I squinted into the sunlight and the white hot glare illuminated a smidgeon of filth in the upper left corner of my left lens. Without thinking, I removed my glasses before crossing the street to polish them when the sound of a truck horn startled me and I dropped them into the street. Bad move. In a panic, and bordering legal blindness, I reached out with both hands in front and took a step forward. The devastating crunch beneath my feet sealed my fate for the day. Stepping backwards in a blur that frenzied me in my world without sight, I bent down to pick up the remnants of the sleek titanium frames and minimal glass that gave the gift of vision. Before placing the salvaged seeing tool back on the bridge of my nose, I caught a beautiful image with its beauty ironically enhanced ever more by my lack of sight: a torrent of red silk fleeing across in front of me, fabric flapping in the wind and what sounded like delicate stiletto heels slamming into pavement. I barely made out the image of a female, distinguishable only by her frail, outlined curves, crowned by a massive wave of billowing blond hair. Unusual and out of place, her presence was not only confusing but highly intriguing as her escape was captioned by a muffled, helpless sob pre-empting some sense of danger and distress in hot pursuit of her red silk and stilettos.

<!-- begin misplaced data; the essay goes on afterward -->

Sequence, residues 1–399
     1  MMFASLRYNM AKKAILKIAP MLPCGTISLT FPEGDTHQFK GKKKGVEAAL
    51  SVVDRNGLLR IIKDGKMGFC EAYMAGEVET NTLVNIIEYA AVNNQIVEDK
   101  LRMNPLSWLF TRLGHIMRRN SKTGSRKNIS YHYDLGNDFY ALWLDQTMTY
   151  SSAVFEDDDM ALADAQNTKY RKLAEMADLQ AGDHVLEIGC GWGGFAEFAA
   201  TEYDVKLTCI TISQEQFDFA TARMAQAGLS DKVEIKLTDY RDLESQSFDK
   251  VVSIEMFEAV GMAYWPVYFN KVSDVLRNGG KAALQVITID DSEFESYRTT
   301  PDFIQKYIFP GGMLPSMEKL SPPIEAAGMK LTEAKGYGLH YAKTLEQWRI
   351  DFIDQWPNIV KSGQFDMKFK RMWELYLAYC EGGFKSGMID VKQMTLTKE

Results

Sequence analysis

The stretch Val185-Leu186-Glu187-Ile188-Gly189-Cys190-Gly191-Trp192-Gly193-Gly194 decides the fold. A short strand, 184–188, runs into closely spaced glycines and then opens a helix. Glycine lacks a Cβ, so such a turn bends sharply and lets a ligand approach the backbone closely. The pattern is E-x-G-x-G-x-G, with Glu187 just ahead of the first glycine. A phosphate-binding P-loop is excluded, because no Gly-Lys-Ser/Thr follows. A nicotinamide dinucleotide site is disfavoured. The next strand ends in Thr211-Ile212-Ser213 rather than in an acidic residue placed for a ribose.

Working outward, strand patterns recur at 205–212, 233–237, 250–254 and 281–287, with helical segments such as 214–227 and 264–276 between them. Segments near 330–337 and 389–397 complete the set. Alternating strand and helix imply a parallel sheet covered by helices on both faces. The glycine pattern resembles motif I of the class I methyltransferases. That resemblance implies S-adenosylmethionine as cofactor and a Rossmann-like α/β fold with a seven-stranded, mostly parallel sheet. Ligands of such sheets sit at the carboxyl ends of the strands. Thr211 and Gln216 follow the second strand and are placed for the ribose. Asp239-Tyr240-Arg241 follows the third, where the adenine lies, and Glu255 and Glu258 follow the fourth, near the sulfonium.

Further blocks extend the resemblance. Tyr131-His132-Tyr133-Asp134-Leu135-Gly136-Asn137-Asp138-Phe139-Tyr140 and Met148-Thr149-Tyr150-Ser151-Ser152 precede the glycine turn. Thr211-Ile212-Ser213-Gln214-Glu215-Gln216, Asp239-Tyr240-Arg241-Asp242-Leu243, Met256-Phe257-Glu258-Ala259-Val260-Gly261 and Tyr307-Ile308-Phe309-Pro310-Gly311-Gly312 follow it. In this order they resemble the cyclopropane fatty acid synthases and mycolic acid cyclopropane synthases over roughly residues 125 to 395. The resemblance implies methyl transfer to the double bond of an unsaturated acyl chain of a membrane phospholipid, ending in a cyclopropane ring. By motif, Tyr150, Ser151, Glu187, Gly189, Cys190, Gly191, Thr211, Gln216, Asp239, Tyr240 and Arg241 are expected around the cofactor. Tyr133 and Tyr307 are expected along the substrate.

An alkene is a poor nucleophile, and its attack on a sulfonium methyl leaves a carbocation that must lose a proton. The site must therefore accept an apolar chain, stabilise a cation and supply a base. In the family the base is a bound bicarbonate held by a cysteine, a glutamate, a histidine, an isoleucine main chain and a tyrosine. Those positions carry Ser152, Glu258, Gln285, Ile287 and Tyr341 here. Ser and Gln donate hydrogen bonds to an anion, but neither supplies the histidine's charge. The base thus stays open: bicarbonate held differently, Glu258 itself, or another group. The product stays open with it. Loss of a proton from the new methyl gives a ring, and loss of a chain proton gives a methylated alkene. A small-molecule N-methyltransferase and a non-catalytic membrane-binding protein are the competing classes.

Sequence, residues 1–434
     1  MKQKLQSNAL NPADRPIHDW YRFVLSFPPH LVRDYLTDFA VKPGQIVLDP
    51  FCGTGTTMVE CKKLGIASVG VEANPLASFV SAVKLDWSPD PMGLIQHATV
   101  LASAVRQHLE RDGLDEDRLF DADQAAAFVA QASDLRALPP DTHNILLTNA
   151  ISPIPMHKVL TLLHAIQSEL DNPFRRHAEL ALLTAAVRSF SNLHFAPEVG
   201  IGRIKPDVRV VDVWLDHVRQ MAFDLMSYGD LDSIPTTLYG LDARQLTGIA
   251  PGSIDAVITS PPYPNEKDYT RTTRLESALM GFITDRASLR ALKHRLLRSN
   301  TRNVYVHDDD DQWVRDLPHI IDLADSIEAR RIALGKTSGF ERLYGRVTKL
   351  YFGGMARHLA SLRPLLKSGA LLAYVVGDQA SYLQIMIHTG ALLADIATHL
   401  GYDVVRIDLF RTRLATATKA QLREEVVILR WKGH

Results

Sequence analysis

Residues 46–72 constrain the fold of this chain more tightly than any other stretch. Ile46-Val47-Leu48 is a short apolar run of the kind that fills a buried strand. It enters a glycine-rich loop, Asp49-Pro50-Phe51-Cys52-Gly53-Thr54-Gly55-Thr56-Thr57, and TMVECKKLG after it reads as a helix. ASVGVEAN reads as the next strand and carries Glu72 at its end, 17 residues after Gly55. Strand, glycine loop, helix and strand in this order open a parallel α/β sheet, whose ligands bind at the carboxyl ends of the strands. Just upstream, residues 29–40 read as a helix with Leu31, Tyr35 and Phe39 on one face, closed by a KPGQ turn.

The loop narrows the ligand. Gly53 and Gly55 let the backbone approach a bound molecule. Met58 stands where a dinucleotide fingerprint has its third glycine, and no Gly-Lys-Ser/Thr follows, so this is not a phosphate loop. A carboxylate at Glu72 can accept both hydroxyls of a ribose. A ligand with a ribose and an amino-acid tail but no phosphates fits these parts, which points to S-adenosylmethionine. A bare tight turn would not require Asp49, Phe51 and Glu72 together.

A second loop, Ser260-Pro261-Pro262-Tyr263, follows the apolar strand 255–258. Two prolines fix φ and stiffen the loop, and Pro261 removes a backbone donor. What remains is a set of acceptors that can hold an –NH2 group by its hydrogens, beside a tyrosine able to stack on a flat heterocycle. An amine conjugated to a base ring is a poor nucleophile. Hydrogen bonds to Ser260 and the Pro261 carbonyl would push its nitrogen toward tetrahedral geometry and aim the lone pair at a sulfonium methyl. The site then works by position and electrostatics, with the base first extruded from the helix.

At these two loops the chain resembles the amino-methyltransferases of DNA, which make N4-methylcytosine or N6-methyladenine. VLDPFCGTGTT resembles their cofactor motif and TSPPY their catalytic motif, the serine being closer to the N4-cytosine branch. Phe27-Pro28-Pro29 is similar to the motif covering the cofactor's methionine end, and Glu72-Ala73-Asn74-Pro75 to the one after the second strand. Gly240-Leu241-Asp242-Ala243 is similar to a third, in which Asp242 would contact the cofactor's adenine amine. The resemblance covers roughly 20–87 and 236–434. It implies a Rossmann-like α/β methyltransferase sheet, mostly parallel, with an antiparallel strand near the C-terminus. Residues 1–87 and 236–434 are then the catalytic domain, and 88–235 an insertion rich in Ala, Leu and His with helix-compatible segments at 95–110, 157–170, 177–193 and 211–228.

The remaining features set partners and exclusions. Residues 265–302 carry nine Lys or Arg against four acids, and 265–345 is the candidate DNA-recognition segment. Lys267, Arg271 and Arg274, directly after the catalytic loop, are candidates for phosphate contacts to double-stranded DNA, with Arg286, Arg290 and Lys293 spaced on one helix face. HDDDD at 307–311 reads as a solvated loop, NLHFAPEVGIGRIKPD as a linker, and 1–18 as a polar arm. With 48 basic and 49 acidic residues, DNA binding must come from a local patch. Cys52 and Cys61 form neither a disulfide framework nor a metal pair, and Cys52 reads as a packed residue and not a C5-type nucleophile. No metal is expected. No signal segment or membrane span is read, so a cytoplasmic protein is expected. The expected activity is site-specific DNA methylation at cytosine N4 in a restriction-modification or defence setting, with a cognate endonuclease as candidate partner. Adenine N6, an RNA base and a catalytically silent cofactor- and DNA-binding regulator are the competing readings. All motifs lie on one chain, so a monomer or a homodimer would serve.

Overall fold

The suspense was thrilling in my blindness and as I whipped my head around to follow the blond hair trailing her body I was gripped with excitement – without sight, my imagination heightened and I strained my eyes to construct what I could not, in reality, actually see: a grisly day time crime scene unfolding; a dystopian fairytale; a story book character who tore herself out of a commuter’s contemporary novel to chase down her love who may have been written to death to soon. Awed completely by the out-of-ordinary and my unseeing eyes, I looked around and wondered in amazement if no one else had been caught in this dizzying denouement of some stranger’s story. Fiction or non-fiction, we’ll never know.
I realized at once, breathing heavily and gaping after the path blazed by my alleged heroine/refugee, I was still on the same street corner holding my ruined glasses, in my painstakingly ordinary pencil skirt and button down, with nowhere to flee but my 15th floor office, no more a damsel in distress than the next corporate climbing, status seeking urbanite. As I made out twinkling green traffic lights ahead, I put my glasses back on and as though the science of optometry hadn’t delivered me beyond and back today, I watched the world pass by through cracked lenses, my new kaleidoscope face-gear, and silently marveled at it all. So fucked up and beautiful as it was, on a scorching, humid day in the city.